P Peter (NHS Hero) paid a high price for misguided policies and guidelines
E Envisioned retirement to spend quality time with his extended family
T Talented Doctor, Gourmet Chef, Sketch and Oil Painter — to name a few
E Educated and/or entertained aspiring medical specialists far and near
R Real irreparable loss to patients, friends, family and community
P Pote Pote Kyee (see “Cho Cho Hlaing”)
E Enthusiastic learner and practitioner (see “Aung Jee”)
T Took care of parents of relatives, patients and friends (see “Min Ko”)
E Ever smiling and helpful (see “Ye Myint”)
R Rural doctor with a huge heart (see “Vicky Bowman)
Sad Loss that might have been prevented
Dr. Khin Tun (Peter) served as Associate Graduate Dean at Oxford University from 2012 – 2016. He worked at Royal Berkshire Hospital in Reading for 20+ years.
Sadly, he passed away on April 13, 2020 due to COVID-19 infection. He was the first doctor from RBH Trust to pass away in the line of duty. Due to misguided Policies and Guidelines, Peter lost his life at the tender age of 62. Thanks in part to interviews by Minko and Ye Myint, RBH Trust initiated an inquiry into the loss of Peter.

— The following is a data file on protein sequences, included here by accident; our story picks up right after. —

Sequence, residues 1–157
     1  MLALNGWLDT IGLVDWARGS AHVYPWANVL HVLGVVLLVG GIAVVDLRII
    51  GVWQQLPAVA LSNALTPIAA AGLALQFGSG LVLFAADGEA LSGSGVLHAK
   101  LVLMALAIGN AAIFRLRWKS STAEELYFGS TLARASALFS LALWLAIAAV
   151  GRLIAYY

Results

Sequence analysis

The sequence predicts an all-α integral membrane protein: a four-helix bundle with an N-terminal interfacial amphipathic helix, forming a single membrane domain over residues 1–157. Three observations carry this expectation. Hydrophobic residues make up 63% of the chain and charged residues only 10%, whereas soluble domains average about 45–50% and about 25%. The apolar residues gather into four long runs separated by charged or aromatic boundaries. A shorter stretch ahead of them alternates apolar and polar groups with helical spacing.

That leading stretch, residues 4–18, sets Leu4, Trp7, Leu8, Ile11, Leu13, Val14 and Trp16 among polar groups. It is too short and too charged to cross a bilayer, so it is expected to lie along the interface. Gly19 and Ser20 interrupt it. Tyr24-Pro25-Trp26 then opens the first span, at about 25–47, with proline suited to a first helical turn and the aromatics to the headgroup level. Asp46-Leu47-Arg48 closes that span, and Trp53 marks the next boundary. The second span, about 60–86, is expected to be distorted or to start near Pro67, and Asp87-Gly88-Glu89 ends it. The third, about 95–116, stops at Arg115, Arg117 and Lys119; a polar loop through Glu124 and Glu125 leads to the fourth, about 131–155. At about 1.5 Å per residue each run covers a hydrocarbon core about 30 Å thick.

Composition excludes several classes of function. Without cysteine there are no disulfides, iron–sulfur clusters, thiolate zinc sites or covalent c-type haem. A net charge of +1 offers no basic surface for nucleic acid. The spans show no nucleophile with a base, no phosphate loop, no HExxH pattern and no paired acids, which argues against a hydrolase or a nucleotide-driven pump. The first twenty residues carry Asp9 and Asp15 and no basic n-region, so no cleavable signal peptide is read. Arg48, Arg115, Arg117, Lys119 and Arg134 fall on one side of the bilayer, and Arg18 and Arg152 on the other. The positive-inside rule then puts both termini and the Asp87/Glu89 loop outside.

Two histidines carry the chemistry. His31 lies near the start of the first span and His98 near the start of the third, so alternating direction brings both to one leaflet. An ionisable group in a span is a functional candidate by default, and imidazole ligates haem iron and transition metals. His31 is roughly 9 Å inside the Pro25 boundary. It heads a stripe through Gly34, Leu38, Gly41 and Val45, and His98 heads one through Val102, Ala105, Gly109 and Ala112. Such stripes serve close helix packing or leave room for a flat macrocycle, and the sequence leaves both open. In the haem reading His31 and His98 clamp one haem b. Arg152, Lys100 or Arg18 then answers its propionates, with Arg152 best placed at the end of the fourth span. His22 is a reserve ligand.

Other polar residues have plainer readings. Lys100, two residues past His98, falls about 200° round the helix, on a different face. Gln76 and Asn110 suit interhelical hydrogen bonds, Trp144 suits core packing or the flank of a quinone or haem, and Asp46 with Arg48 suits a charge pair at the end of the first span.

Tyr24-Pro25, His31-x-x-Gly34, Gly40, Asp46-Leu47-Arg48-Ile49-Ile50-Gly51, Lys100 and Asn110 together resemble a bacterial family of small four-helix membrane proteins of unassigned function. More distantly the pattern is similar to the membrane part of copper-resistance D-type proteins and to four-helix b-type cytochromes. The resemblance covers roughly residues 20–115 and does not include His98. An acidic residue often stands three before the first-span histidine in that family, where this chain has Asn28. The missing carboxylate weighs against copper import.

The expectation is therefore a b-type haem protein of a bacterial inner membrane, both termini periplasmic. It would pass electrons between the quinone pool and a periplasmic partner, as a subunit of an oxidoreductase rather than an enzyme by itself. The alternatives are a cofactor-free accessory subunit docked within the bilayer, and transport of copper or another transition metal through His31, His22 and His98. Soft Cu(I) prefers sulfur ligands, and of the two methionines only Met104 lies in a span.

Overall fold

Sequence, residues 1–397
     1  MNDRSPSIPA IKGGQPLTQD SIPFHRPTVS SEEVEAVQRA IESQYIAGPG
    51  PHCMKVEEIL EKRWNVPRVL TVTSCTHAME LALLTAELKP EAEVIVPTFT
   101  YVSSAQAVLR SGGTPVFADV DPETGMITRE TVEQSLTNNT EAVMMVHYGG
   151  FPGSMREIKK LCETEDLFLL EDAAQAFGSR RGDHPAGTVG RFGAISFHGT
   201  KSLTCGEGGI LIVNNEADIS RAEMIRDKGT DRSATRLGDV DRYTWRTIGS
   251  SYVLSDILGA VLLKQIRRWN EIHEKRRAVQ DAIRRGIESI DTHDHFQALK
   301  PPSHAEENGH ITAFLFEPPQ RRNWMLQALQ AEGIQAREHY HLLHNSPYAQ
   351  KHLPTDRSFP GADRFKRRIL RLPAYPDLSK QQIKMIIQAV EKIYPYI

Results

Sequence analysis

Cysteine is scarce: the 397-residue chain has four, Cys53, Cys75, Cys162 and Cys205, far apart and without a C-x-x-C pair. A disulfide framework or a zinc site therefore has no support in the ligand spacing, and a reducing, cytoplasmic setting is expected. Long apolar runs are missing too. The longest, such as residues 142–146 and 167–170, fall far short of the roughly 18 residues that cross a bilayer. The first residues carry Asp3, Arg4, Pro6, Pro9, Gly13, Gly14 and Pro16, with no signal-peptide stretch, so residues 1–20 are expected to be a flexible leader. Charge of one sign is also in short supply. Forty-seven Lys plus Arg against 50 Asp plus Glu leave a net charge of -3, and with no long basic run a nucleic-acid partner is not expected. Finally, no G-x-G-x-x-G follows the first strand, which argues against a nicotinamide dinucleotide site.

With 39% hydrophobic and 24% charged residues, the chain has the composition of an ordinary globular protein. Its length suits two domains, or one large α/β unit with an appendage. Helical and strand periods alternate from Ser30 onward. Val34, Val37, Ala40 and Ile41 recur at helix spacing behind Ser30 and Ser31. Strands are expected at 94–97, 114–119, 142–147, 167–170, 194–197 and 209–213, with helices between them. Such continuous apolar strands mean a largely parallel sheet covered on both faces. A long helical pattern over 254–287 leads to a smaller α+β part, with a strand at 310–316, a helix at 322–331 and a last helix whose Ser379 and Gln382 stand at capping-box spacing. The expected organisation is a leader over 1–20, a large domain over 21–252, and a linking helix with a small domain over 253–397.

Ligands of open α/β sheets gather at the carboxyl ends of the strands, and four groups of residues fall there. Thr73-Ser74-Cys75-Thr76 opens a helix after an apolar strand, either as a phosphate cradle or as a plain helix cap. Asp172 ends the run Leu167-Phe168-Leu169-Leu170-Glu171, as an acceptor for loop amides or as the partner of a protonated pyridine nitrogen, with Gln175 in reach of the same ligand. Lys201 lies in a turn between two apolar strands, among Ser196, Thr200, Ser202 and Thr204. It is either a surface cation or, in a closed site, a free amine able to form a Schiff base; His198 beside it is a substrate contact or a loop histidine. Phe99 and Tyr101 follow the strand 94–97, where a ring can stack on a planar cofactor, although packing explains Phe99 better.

Peter was looking forward to retiring in a couple of years and spend quality time with his extended family.
His paternal grand mother lived up to 94.
His father celebrated his 90th birthday in 2019. He used to sit in the garden every evening talking with someone and taking his daily dose of medicine. After learning about Peter’s untimely demise, he was devastated for three days. He no longer had the desire to sit in the garden. He lamented that he had no one to talk to. Ye Myint told his father that he will call from UK daily.
His mother passed away a few months short of her 89th birthday. She and Peter are both January born. Peter would fly back to Yangon almost every year (for the past decade) in time for his mother’s birthday. They would perform dana together mostly at Chan Myei Yeiktha.
Three uncles and two aunts are in their 80s.
Relatives and friends mourn the loss of Peter and miss his compassion, help and smiles.
We cannot get Peter back, but we hope other medical staff in the front line fighting the invisible enemy would not have to suffer the same fate as Peter.